Monday, March 01, 2010

Fishers of Men-Flash Challenge

This was written for Daniel O'Shea's flash challenge to write a story set in a church. In truth, it was reduced from a 7000 word story which appeared on Shred of Evidence a few years back-and is only the better for the loss of 6000 words (gulp). There are some indenting issues I couldn't resolve midway down.
For more stories, go here.

"Fishers of Men
By Patricia Abbott

“Why don’t you help out with the Martha Circle,” her father said.

Lillie’s mother had taken off a few weeks earlier, sending them a postcard from Philadelphia with nothing on it but an address. A photograph of a church shaped like a fish was on its front. Congregants seem to enter through the gills.

“Why Philadelphia?” her father wondered, rotating the postcard in his hands.

Later at their own dingy church, Lillie heard the thunderous voice of Jimmy Hart practicing his sermon. It boasted the usual hellfire and damnation.

“Yes, yes,” the congregation agreed every Sunday, their voices rising as one. Life seemed pale after that.

Jimmy Hart heard her at the door. “Who’s that?”

“Lillie Wist.”

Jimmy stepped into the light. His face was damp; perspiration necklaced his shirt. Holding the door open, he fanned himself.

“Guess I missed the Martha circle.”

“Come and gone.”

“My father said …”

“Lester’s over in Dearborn, right?” he interrupted. “Hunting down lighting fixtures.” Jimmy sat down and opened a paper sack. “Like roast beef?” he asked, pulling out a sub.

“Not really ....”

“Keep me company.”

She sat down.

“I skipped breakfast and my stomach’s begging me to pay attention.” Oil slid down his chin and his gray, flannelly tongue caught it. “Doesn’t all that hair get hot in summer?”

He reached for a handful, but she pulled back. “I’m used to it.”

“Your daddy tests me, Lillie.” Shaking his head, Jimmy pulled out a thermos, pouring a half-cup of coffee. “Most people have somethin’ they’re good at, but Lester—well, I haven’t found his talent. Thought once I got him off the sauce things would change.”

“Hasn’t had a drink in months.”

“So you say. Don’t know how long I can keep payin’ a man with so little to recommend him.”

“He’ll be expectin' me.” Lillie rose.

Groaning and holding his back, Jimmy got up and walked her to the door. As Lillie’s hand went for the knob, his arms encircled her, his pulpy lips pressed against her neck. While one of his hands threw the lock on the door, the other urged her down.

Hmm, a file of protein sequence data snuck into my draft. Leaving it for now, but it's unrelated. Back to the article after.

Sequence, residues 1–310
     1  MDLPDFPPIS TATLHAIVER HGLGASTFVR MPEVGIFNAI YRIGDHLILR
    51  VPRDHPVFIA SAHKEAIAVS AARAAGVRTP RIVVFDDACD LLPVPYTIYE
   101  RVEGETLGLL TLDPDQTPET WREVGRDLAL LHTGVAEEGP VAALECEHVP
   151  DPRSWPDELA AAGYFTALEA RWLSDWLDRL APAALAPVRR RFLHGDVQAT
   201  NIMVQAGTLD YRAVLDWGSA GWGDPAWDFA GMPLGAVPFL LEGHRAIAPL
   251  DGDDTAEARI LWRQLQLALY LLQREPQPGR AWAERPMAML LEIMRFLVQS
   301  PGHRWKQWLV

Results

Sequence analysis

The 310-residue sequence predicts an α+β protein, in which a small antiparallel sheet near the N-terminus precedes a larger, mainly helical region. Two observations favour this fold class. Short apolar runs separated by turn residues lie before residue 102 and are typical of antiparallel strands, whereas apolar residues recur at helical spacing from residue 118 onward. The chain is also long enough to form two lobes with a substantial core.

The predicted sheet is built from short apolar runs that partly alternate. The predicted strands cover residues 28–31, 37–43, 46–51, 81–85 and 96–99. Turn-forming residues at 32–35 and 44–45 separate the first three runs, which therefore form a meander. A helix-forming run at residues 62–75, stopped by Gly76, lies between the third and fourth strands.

“Your Daddy said you didn’t do things like this,” he whispered, “but I thought otherwise.”

“Get off me right now,” she spat out, struggling to rise.

Laughing lightly, he forced her down again. “Your Daddy won’t find it easy to get another job, Lillie Wist. And your mama ain’t here to help him no more.”

The world retreated to the wild panting of the man above her, the dank blackness of the vestibule, the desperate scratching of her left hand on the metal door. Suddenly, her thighs were wet and sticky.

“Double damn! Should’ve known what would happen lying down with a Wist.”

Lillie scrambled to her feet, trying to clean herself up with her shorts.

“Grab somethin’ from them care boxes over there.” He pointed to the row of soggy boxes lining the back wall. “And that little poke don’t count for nothing neither.”

She stepped into a pair of slacks and started for the door, her yellow shorts balled up under an arm.

“Now, just you wait a blessed minute,” Jimmy bellowed, dropping to his knees again. “Get down here with me, girl.”

Lillie fell to her knees as if fired on. “Merciful God,” Jimmy said “Forgive this girl for temptin’ me. Her Daddy’d be saddened to know what she did. In Jesus’ name. Amen.”

“That you in there, Lillie?” Lester stood outside the bathroom door. “Why you taking a bath in the afternoon?”

The water was pure cold, though she hadn't noticed. “Be right out.”

In the kitchen, Lester sat with an assortment of electrical supplies, “Wish I knew more about this stuff,” he said. “Like to burn the place down foolin’ with it. Your mother….”

“Gotta to tell you somethin’.”

“Hair’s dripping wet. Didja lock the church door?” Lester’s eyes returned to the socket in his hand. “Sure made these directions hard to figure.”